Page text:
While Rollins claims to be an inclusive institution, some Holt Students feel segregated from the day benefits the college offers. Health services and Fox Day are clear examples of the isolation.
When I began attending Rollins in Fall 2011, as many students do every year, I went to Rollins Health Services to make an appointment. There I was informed by a staff member they only saw students enrolled through the day school. I inquired if I could pay for the appointment along with any additional charges out of pocket or use my insurance and they informed me that wasn’t possible. This is a little tidbit that was left out at orientation.
I went to Connie Holt for answers to these and a few other questions our students have. She said not long ago (but before my time) they’d allowed Holt students to use Health Services, but shortly after that notice was sent out another followed discontinuing said services. It is true there is a health insurance plan available for purchase, but when you’re going to school full-time and living on your own, coming up with rent is more important than spending approximately $1,000 on health insurance. I asked Ms. Holt if the students were ever given an option to pay a fee with Financial Aid or otherwise, as part of tuition for access to Health Services, Ms. Holt said she wasn’t entirely clear but that she would be sure to suggest it.
This brings me to differences in experience of the day versus evening students in the celebration, or, in our case, little celebration, of the most beloved holiday of all for Rollins Students: Fox Day. Every spring, when the Fox is eagerly awaited by students sleeping in tents and our ever watchful Fox Day Cam, there is the lovely reminder that Holt students will not be able to participate in the same capacity as A&S students. Last year for example, an email sent by Sharon Lusk, Assistant Dean of Hamilton Holt School, dated March 14, 2013, we were informed “On the day designated to be Fox Day, 30 minutes will be shaved off the end of the first class (which usually meets from 4:00 – 6:30), and 30 minutes off the start of the second class (which usually meets from 6:45 – 9:15). Holt faculty, staff, and students are invited and encouraged to join other members of the Rollins community on the Mills Lawn for supper, from 6:00 – 7:15 p.m.”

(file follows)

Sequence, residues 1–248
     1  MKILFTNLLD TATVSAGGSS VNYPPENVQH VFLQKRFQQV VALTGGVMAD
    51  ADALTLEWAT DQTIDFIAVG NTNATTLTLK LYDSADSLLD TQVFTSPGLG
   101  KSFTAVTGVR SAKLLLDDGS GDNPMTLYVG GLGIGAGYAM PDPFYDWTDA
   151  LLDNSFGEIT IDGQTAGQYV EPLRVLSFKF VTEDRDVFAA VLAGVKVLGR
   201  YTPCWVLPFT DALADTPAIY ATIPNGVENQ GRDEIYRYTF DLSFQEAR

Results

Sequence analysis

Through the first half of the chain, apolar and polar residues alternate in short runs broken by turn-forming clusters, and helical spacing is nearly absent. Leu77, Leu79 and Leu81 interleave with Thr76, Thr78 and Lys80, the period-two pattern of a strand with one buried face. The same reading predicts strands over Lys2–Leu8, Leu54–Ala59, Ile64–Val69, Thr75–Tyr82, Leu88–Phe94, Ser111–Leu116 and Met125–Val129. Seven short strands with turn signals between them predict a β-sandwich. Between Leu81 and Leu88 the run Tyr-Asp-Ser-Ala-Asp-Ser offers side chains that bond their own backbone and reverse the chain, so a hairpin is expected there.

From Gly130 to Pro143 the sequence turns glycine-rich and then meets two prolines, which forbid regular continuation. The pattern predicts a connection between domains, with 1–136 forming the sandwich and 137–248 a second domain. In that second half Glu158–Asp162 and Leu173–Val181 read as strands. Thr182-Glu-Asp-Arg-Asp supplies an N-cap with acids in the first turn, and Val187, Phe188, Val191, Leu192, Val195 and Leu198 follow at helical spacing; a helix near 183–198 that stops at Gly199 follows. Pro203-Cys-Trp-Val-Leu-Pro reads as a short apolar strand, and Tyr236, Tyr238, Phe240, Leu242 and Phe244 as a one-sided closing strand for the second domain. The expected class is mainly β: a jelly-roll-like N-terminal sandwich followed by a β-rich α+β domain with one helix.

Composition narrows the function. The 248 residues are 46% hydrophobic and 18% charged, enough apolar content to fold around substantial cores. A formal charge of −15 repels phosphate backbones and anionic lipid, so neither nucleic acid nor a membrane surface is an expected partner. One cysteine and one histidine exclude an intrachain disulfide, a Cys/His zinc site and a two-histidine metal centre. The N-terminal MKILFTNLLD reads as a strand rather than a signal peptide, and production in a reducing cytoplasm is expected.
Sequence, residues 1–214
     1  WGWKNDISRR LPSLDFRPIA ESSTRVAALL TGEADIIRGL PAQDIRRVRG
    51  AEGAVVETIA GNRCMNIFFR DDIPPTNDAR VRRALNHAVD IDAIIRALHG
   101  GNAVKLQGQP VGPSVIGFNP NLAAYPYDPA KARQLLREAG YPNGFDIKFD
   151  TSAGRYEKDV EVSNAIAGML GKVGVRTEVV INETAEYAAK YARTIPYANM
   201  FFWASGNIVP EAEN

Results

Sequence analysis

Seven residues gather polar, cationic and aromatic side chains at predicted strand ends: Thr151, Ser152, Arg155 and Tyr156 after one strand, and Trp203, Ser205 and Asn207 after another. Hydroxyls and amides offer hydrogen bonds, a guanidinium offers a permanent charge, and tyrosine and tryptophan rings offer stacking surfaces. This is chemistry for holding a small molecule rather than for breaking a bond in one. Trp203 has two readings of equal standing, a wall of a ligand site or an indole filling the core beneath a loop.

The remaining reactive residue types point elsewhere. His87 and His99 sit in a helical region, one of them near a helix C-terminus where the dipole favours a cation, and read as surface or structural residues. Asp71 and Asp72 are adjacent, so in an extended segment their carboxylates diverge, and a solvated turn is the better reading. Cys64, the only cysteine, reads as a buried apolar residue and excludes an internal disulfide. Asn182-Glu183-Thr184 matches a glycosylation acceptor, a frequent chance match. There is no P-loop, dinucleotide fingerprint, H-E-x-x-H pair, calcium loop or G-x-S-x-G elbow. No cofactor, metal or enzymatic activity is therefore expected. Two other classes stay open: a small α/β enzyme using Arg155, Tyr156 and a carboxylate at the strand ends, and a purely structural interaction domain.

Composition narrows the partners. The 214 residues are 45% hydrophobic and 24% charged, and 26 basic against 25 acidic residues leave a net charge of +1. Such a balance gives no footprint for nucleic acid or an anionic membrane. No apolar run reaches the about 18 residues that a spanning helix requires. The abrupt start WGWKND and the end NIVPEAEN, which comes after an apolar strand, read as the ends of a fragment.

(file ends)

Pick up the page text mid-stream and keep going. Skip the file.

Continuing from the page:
The Fox Hour is the extent many Holt students are involved in Fox Day. Now, I wonder if it is really necessary to have classes for only those students not enrolled in the ‘day school’?
Ms. Holt said that “the ‘Fox Hour’ is something new.” She recalled it had been added only in recent years and that it is progress, given the Holt students didn’t have any participation initially. Ms. Holt said, “We haven’t figured out a way to cancel classes and make up for that lost class time given many evening classes occur only once or twice a week.” While I’m sure that is a concern for the teachers and possibly some students, having a free day off with no consequences seems like a lovely gift from the universe, not an inconvenience.
The term “working adults” (as it so clearly pointed out on the Holt School page) would probably enjoy having that extra time to simply go home and relax or be with their family on Fox Day, but alas classes remain in session. The Rollins College website’s mission statement speaks about how we as a college value excellence in teaching and rigorous, transformative education in a healthy, responsive, and inclusive environment.
In another statement on the Student Life page, “Every day is a new adventure, and much of that adventure is experienced through many on-campus opportunities and resources available to you.” On the Rollins Evening page it states “… programs are designed with working adults in mind.” They say they know the challenge of balancing a busy life with work, family and possibly continuing education added onto it. But all the students enrolled at Rollins through the Holt school are not in their twenties attending college for the first time as “…evening degree programs designed for working adults.” The term ‘working adult’ excludes the many Holt students I approached who live at home while attending school.
Why is our school seemingly deliberately causing a divide among the students,a watered-down experience to the ‘evening’ students? It does provoke the question of money. At the end of the day, is it really about the difference in what A&S and Holt students pay?
There wasn’t a clear answer from Ms. Holt. “The residential students have their needs which are met by the day school and Holt meets the needs of the evening students.”
I am not under any circumstances claiming there is a conspiracy from the high powers that be at this school, but I am saying students should be given a greater voice in matters which affect them personally.
If the entire student body is receiving equality in their education and Greek Life why not health services and social activities like Fox Day? Regardless of what anyone calls it, ‘meeting the needs’ of one student group versus another, there is segregation happening on this campus.